Another result of this design is that apk will never commit a change to the system that leaves it unbootable.  If it cannot verify the correctness of the requested change, it will back out adding the constraint before attempting to change what packages are actually installed on the system.  This allows our dependency solver to be rigid: there is no way to override or defeat the solver other than providing a scenario that results in a valid solution.

Verification and unpacking is done in parallel to package fetching

Unlike other package managers, when installing or upgrading packages, apk is completely driven by the package fetching I/O.  When the package data is fetched, it is verified and unpacked on the fly.  This allows package installations and upgrades to be extremely fast.

To make this safe, package contents are initially unpacked to temporary files and then atomically renamed once the verification steps are complete and the package is ready to be committed to disk.

apk does not use a particularly advanced solver

Lately, traditional package managers have bragged about having advanced SAT solvers for resolving complicated constraint issues automatically.  For example, aptitude is capable of solving sudoku puzzlesapk is definitely not capable of that, and I consider that a feature.

While it is true that apk does have a deductive dependency solver, it does not perform backtracking.  The solver is also constrained: it is not allowed to make changes to the /etc/apk/world file.  This ensures that the solver cannot propose a solution that will leave your system in an inconsistent state.

Personally, I think that trying to make a smart solver instead of appropriately constraining the problem is a poor design choice.  I believe the fact that apt, aptitude and dnf have all written code to constrain their SAT solvers in various ways proves this point.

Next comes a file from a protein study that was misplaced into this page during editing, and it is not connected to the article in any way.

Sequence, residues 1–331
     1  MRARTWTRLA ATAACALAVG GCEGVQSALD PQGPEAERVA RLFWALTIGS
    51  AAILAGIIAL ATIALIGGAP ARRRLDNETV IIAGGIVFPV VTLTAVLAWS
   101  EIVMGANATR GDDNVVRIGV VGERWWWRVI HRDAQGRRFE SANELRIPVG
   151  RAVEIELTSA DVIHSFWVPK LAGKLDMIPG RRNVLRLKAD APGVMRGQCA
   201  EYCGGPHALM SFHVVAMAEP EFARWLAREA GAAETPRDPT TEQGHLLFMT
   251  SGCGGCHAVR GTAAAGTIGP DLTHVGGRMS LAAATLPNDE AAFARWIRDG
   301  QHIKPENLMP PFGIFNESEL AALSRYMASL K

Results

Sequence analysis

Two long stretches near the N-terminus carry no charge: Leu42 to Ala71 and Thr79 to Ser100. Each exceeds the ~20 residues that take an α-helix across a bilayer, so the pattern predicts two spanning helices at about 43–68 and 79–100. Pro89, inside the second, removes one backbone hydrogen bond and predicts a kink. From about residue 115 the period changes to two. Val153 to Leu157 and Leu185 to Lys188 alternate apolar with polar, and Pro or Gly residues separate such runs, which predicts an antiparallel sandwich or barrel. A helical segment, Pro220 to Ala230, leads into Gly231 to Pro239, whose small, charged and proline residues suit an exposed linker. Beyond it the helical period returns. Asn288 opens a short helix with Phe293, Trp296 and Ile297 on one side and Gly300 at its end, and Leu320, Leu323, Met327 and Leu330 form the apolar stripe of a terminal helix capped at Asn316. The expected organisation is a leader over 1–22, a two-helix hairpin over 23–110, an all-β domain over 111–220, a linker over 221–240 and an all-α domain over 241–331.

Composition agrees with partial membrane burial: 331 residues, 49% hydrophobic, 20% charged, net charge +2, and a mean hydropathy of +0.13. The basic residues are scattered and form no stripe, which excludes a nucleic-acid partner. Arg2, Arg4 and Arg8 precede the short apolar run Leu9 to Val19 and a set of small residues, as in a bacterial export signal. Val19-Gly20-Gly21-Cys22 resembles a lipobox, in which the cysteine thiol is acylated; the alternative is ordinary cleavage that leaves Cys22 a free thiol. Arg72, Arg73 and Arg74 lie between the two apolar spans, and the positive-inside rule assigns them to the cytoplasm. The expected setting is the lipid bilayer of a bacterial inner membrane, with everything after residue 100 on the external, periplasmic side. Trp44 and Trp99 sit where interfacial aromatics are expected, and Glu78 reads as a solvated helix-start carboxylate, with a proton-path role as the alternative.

To conclude, package managers can be made to go fast, and be safe while doing it, but require a careful design that is well-constrained.  apk makes its own tradeoffs: a less powerful but easy to audit solver, trickier parallel execution instead of phase-based execution.  These were the right decisions for us, but may not be the right decisions for other distributions.

Building a security response team in Alpine

Starting this past month, thanks to the generous support of Google and the Linux Foundation, instead of working on the usual Alpine-related consulting work that I do, I’ve had the privilege of working on various initiatives in Alpine relating to security that we’ve needed to tackle for a long time.  Some things are purely technical, others involve formulating policy, planning and recruiting volunteers to help with the security effort.

For example, my work to replace poorly maintained software with better replacements is a purely technical security-related effort, while building a security response team has social aspects as well as designing and building tools for the team to use.  Our security issue tracker has gone live and is presently being tested by the community, and with that work we’re already off to a great start at an organized security response.